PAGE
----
If you want a bit of a calmer ride but are still up for hitting the water, then there are smooth water trips offered from Glen Canyon Dam to Lees Ferry, so you can soak in the sights at a more leisurely pace.
Helicopter: Fancy getting a bird’s eye view of one of the most spectacular sights on earth? It is no wonder that so many tour companies offer helicopter sightseeing trips to this natural phenomenon. You’ll rise up into the sky and, in no time, be soaring through the skies above the canyon. It may be a little scary, but there is no better way to take in this view.
Scenic Drive: The Desert View Drive is one of the best ways to take in the spectacular sight that is the Grand Canyon. At 25 miles in length, there is ample opportunity to take in the views, and many even have a few photos stops along the way. No matter what time of year you visit, the sight of the canyon as you drive along will take your breath away.
Cycling: Cycling is a great way to experience the Grand Canyon. On the South Rim, you can enjoy 13 miles of roads and Greenway trails that offer an exciting way to explore the rim. A great cycling trail is the Hermit Road, which follows the rim for 7 miles. The North Rim also has some cycling trails such as the 12 mile Arizona Trail, which heads through the forest.
RELATED: Your Adventurous Nevada Road Trip
Coconino National Forest
Welcome to one of the most diverse National Forests in the country. You will be able to experience the famous red rocks of Arizona one day, followed by rich Ponderosa pine forests the next, interspersed with alpine tundra and sandy desert.
Cool off in the small lakes and streams, climb mountains and explore canyons; There is a lot to see in Coconino.
One of the most visited areas in the forest is Sedona. A visit to Sedona will give you a true welcome to Red Rock Country. It is one of the most scenic areas in Arizona. Here you’ll also find huge canyons, evergreen forests, and some amazing views, all centered around the small town of Sedona.
There are over 20 RV campgrounds in the forest, all of which have a range of amenities to make your stay comfortable. There are campgrounds in all areas of the forest, such as near Flagstaff and nearer Sedona, so you won’t have a problem staying near to where you want to explore.
For those who don’t want to camp, here are other nearby stays in Sedona.
Soldier Pass Trail: (4.1 miles – moderate) – The further you go along this hike, the better the views get. If you’re up for a little bit of a challenge, hike up to the caves in the rock or take a scramble down to the river. There are some fascinating rock formations along the way, such as the sinkhole and the seven pools.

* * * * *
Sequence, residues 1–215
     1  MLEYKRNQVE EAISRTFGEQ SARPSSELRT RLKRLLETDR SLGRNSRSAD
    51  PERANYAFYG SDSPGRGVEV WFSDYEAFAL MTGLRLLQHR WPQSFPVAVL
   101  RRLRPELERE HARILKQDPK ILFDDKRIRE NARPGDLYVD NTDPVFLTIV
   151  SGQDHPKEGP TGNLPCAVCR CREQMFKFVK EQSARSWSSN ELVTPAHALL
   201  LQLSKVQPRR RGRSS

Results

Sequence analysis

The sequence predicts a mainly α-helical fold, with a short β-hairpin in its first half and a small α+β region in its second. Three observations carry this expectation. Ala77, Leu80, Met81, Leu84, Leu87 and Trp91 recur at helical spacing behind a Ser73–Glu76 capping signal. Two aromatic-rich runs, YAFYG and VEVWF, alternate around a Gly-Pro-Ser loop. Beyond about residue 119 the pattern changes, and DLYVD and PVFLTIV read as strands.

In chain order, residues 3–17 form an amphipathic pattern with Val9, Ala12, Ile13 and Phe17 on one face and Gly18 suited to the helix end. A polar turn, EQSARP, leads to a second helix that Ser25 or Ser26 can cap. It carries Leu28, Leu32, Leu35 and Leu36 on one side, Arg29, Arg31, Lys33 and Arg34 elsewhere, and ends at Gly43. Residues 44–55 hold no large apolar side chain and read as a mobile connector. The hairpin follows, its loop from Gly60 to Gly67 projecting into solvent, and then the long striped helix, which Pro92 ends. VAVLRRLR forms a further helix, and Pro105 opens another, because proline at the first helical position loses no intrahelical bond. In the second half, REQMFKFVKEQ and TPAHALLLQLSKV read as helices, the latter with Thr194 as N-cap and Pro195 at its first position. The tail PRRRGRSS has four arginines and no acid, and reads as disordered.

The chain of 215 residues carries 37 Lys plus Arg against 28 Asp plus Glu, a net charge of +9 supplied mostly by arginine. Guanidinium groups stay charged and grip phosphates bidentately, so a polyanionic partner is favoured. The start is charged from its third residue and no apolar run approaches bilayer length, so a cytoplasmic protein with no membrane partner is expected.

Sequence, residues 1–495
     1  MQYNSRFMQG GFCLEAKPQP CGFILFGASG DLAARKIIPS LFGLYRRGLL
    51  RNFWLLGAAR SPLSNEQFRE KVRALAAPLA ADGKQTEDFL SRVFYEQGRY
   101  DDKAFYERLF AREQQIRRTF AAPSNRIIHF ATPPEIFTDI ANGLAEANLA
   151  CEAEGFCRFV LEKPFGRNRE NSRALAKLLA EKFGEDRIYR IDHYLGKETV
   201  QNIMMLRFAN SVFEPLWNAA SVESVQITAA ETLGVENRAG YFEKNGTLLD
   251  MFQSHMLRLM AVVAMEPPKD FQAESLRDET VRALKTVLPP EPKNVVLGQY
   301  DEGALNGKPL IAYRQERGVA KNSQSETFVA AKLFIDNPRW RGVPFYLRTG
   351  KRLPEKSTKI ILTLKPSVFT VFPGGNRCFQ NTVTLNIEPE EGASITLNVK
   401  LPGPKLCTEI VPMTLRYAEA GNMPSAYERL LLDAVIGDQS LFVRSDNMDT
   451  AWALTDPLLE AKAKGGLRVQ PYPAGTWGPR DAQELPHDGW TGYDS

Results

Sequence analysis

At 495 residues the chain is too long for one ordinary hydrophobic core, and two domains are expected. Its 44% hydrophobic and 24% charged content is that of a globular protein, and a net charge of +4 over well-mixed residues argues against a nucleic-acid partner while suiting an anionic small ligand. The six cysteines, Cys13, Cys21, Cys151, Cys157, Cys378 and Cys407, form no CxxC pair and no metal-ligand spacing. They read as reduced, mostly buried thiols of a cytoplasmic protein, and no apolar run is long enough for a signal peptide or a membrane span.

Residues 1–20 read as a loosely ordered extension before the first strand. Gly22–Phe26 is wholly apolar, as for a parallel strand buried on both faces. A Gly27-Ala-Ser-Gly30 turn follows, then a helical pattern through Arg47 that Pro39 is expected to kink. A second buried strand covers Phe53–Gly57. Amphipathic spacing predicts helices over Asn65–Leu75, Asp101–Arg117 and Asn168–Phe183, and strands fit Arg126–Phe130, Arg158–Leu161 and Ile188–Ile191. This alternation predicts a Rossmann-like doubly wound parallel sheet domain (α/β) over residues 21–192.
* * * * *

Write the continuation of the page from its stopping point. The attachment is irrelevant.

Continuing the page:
Cathedral Rock: (1.5 miles – hard) The popular hike up Cathedral Rock offers great views of Bell Rock, Courthouse Butte, and the colorful Mogollon Rim. The trail itself runs up the east side of the rock, with some sections being quite steep and tricky. It is quite short and has an elevation gain of around 550 feet, so you might have to stop to get your breath back.
Devil’s Bridge Trail: (4.2 miles – moderate) – To see one of the most remarkable sights in the area, take the out and back Devil’s Bridge Trail. Although relatively short, the hike up to this huge, sandstone arch is very steep, making the views when you reach the top all the more rewarding.
At first, you’ll reach the base of the bridge with it towering above you, and from there, you can continue up a natural rock staircase to be greeted by incredible views of the surrounding forest.
Doe Mountain Trail: (1.5 miles – moderate) The out and back hike of Doe Mountain is popular due to the fact that the ascent to the top of the Mesa is quite gradual, and when you reach the top, the trail is flat, running from one side of the Mesa to the other. From the top, you’ll easily be able to spot some of the area’s most well-known landmarks.
Fay Canyon: (2.6 miles – moderate) The Fay Canyon hike is considered easy, taking you through one of the most scenic areas of Sedona. You’ll walk below cliffs and hanging gardens, ending at a towering rock formation. As you head along the bottom of Fay Canyon, you’ll notice and distinct cooler temperature than the canyon above.
This is a great, family-friendly hike as much of it is flat and shaded. About halfway up the trail, you’ll pass the Fay Canyon Arch, and the rest of the way, you’ll be surrounded by the towering walls of the canyon.
Boating: Hop on a boat and head out onto the water at Coconino National Forest. There are endless ways to explore this landscape via the water, with one of the most popular spots being the Flagstaff Lakes. In this region, you are able to go boating, swimming, waterskiing, and windsurfing.
Climbing: There are some great areas for bouldering and climbing within the park, ranging from rocky scrambles to full-on cliff hikes. One of the best areas is the Priest Draw Trail and Bouldering Area, a picturesque canyon with low limestone walls, and plenty of walls with overhangs to challenge climbers.